It’s 6 p.m. and that automated test script is still running on your test platform. It’s time to go home, but if the test stops for some reason when you’ve left for the night, you’ll have to start all over in the morning. What do you do? Well, if you’ve planned ahead, you can remotely access your test platform using any of a number of remote access/remote control software products.
One of the oldest and most popular remote control programs is VNC. VNC (Virtual Network Computing) provide two small applications, the server (which runs on the target machine) and the viewer (which runs on your local platform), which transmit the keyboard and mouse input from the viewer and return the display from the server as if you were sitting in front of the computer. There are several benefits to VNC:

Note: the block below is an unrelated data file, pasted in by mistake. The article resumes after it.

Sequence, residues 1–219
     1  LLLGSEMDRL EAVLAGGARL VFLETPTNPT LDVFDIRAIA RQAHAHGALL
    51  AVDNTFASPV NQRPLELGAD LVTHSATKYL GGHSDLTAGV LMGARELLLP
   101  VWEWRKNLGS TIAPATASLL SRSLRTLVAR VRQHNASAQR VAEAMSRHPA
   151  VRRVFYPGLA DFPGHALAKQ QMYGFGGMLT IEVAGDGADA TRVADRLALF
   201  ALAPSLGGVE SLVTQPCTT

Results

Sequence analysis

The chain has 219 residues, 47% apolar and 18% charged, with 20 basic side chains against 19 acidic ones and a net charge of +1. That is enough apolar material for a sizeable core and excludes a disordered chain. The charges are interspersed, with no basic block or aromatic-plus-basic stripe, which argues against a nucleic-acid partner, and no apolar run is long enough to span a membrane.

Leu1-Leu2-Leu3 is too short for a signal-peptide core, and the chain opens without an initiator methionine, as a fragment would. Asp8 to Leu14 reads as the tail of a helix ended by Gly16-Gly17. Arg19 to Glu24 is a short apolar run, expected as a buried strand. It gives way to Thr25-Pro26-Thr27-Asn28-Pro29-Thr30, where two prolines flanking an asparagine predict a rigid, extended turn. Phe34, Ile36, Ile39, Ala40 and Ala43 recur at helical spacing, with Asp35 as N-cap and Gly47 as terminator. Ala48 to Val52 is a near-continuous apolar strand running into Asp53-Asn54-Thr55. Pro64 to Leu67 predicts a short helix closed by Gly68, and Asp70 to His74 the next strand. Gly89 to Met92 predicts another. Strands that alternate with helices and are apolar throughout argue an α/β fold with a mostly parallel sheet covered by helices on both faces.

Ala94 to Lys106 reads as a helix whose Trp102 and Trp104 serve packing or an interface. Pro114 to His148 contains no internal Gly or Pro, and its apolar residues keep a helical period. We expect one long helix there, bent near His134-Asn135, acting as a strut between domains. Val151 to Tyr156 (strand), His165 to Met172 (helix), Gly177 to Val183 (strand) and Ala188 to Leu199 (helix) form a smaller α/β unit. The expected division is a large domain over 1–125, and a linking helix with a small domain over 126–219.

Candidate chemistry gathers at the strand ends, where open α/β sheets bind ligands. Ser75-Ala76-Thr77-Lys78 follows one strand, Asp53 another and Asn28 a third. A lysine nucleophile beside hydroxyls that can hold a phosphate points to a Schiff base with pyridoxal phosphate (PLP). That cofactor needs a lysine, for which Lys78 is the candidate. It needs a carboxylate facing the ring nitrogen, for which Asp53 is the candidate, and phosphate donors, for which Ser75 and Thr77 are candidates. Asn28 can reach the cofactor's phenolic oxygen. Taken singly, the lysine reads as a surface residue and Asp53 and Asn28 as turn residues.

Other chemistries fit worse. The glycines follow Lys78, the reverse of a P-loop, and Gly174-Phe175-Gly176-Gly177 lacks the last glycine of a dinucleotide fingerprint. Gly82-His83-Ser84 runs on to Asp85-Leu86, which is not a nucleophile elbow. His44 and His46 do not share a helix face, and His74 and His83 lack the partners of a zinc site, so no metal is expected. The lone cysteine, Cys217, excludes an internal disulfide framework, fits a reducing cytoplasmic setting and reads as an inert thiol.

- It is is GPL’d software, many versions of which are available for free, including RealVNC, TightVNC, and UltraVNC.
- It’s been ported to a wide variety of platforms, from Windows to the iPhone and everything in between.
- Many operating systems use VNC protocols for their remote control (such as Mac OS X’s Remote Desktop and Ubuntu’s Remote Desktop), so you don’t even need to install the server on those platforms
- VNC Viewer doesn’t require an installation, so you can run it from a USB stick. Plus many VNC servers provide a web interface as well so you should be able to get access from any web browser
However, VNC is not by definition a secure protocol (don’t forget to at least set a password), and is best used through a VPN or SSH connection for security purposes. In addition, it will also typically require you to open a port in your firewall for access, usually port 5900.
But the benefit of being able to see/control your platform remotely can’t be measured.